The EIC Accelerator call is the largest and the most competitive public funding scheme in the world, with a very small percentage of applicants making it past the interview stage and who are ultimately funded.

While our expertise in writing the proposal is a key determinant in making it past the initial evaluation, the most critical factor is our ability to identify and pick winning candidates.

Particularly since with the new rules of the EIC, the application is only one amongst multiple aspects determining whether a candidate receives the funding (ie. even if successful at the interview, the candidate will undergo a process of due diligence where the funding may be decreased in size or revoked altogether, if the right conditions are not met). For this reason, considerable time and effort are invested in the process of sourcing and evaluating our clients, before making an offer to work with a client.


 

The below elements are some of the characteristics which we take into consideration in our analysis whenever we are evaluating a candidate.

We are looking for ground-breaking science-based, deep-tech innovations. Deep tech is that set of cutting-edge and disruptive technologies rooted in scientific discovery, advanced engineering, mathematics, physics and medicine.

While there are no pre-determined focus areas, the sectors that are most fertile for deep tech applications are life sciences, healthcare (immunology, neurodegenerative diseases, etc.), computing, food, fisheries and agriculture, synthetic biology, aerospace, energy and clean-tech, industrial technologies, telecom, new materials, chemistry.

Characterized by their strong transformational potential, these innovations go far beyond existing technologies and address complex societal or environmental challenges, with a strong impact in all industries and levels of society.

They must have a clear European or Global added value and deliver important benefits to society as a whole. Technologies that are ‘strategic’ to European interests (for instance Artificial Intelligence, Machine learning, Quantum Computing / Semi-Conductors, Satellites and Satellite imagery, Aerospace, etc.) are also prime candidates.

Inherently risky by nature, they are hard to develop, involve substantial R&D and generate strong intellectual property. The underlying IP is either hard to reproduce or well protected (patents), so they often have a valuable competitive advantage or barrier to entry.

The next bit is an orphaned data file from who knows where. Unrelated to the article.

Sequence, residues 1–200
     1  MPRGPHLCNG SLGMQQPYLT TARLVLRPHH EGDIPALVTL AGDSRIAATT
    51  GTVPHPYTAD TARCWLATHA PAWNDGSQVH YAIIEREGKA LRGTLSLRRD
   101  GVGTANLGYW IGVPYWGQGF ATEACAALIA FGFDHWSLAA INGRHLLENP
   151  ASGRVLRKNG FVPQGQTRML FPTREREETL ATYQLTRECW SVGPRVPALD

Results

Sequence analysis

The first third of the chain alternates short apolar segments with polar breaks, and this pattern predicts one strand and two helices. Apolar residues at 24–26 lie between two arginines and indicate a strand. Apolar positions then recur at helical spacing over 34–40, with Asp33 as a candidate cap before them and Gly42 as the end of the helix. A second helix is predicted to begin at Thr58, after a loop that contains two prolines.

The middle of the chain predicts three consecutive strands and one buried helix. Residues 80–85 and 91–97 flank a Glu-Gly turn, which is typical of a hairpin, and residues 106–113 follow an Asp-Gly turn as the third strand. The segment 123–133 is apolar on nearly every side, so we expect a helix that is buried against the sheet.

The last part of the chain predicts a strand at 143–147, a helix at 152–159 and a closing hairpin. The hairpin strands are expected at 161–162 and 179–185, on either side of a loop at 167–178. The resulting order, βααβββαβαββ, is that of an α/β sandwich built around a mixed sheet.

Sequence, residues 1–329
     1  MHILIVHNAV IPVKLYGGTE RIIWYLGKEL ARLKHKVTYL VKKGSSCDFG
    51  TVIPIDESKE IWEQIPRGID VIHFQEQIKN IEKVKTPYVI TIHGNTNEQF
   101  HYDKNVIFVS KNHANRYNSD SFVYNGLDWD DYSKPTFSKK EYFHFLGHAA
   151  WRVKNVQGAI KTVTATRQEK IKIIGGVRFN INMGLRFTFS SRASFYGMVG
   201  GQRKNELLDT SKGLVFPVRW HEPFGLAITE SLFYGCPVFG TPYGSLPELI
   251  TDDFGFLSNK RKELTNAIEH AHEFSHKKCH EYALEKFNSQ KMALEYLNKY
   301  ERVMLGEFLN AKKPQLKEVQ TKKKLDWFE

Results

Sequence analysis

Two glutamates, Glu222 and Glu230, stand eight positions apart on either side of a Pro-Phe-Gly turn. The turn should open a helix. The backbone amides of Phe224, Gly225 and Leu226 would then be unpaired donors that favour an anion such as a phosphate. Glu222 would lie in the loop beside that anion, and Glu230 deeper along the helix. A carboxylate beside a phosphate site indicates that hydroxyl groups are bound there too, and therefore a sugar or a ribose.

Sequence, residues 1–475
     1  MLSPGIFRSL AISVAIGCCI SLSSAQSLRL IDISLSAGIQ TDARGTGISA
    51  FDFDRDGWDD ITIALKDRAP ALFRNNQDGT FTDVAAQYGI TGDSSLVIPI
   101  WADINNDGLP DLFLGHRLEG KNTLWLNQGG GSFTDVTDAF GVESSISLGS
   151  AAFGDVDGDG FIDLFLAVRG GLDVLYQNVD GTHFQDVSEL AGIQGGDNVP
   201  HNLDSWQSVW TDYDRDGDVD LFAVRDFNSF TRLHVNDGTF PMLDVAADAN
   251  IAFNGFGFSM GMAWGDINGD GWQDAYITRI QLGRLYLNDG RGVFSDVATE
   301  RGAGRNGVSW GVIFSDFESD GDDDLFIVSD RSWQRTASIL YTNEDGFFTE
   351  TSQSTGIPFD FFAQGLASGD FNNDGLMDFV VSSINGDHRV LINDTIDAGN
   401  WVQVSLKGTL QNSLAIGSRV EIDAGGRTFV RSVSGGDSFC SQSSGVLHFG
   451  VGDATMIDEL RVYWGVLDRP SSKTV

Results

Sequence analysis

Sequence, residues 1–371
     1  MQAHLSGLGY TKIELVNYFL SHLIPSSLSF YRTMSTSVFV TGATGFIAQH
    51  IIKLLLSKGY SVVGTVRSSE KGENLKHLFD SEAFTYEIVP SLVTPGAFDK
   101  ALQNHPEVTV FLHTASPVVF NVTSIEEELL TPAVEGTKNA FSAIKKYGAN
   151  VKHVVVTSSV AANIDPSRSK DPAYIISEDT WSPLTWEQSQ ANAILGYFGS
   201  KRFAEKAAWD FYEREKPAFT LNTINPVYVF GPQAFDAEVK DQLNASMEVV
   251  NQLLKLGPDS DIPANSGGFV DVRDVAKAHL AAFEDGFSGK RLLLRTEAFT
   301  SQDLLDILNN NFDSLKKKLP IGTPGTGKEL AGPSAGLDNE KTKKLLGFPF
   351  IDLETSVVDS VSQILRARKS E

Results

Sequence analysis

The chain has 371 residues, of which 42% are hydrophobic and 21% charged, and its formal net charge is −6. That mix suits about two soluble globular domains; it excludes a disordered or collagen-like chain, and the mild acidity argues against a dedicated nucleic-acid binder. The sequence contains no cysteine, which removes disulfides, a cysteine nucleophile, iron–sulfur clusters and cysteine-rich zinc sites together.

Whenever possible, the technology has usually been validated outside the lab with key customers through demonstration projects and must have compelling comparative data to demonstrate with quantified metrics that it goes beyond the state of the art.

Due to their long development and validation processes, these innovations take a long time to reach market maturity. With the exception of healthcare biotechnology which is granted longer timelines due to longer regulatory authorization processes, the typical time to market is 2-3 years for those opting for blended financing (combining a grant for innovation activities and equity for scaling up).

We typically work with early-stage ventures that have already been through a seed round (>2M), or through Series A or B (depending on their size). There are several reasons:

1. First, reaching the necessary technological maturity in these areas of applications evidently requires funding over a certain period of time (usually 3 to 7 years).

2. Second, as the EIC converges with a typical VC-style investment process, candidates are expected to present a mature commercialization plan and a strong leadership team to be funded. It is therefore logical to expect that those who have already been through the process of successfully raising VC funding, are more likely to have the profile and the data we want.

3. Third, securing the equity investment from the EIC will require candidates to raise the same amount (or more) from private investors. Therefore, it is important to have a strong network of investors that can be activated when the green light is given by the EIC in order to complete the round.

The candidate must demonstrate that it can attract and retain talent in key positions and must have established a suitable governance structure, preferably with a board of senior advisors. The typical team size is 10 to 30 FTEs. The senior leadership team must be 100% committed to the project (a team with part-time CEOs, COOs or CTOs will not win). 

Please note that the above criteria are merely indicative and that candidates are evaluated as a whole by evaluating business plans. 

To find out more about our services please contact us, we will be happy to evaluate your case in more detail.

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